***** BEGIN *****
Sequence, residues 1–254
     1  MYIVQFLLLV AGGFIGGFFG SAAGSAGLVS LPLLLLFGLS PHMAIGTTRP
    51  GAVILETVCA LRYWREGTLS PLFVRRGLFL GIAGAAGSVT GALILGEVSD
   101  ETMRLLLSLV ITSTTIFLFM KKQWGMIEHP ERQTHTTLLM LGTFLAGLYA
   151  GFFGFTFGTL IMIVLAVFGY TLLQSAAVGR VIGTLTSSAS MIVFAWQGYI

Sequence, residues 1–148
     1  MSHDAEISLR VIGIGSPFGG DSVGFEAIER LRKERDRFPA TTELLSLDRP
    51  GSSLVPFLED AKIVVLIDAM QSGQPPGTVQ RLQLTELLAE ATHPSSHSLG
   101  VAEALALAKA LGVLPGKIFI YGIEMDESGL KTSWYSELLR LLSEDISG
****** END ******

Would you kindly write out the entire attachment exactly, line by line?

Sequence, residues 1–254
     1  MYIVQFLLLV AGGFIGGFFG SAAGSAGLVS LPLLLLFGLS PHMAIGTTRP
    51  GAVILETVCA LRYWREGTLS PLFVRRGLFL GIAGAAGSVT GALILGEVSD
   101  ETMRLLLSLV ITSTTIFLFM KKQWGMIEHP ERQTHTTLLM LGTFLAGLYA
   151  GFFGFTFGTL IMIVLAVFGY TLLQSAAVGR VIGTLTSSAS MIVFAWQGYI

Sequence, residues 1–148
     1  MSHDAEISLR VIGIGSPFGG DSVGFEAIER LRKERDRFPA TTELLSLDRP
    51  GSSLVPFLED AKIVVLIDAM QSGQPPGTVQ RLQLTELLAE ATHPSSHSLG
   101  VAEALALAKA LGVLPGKIFI YGIEMDESGL KTSWYSELLR LLSEDISG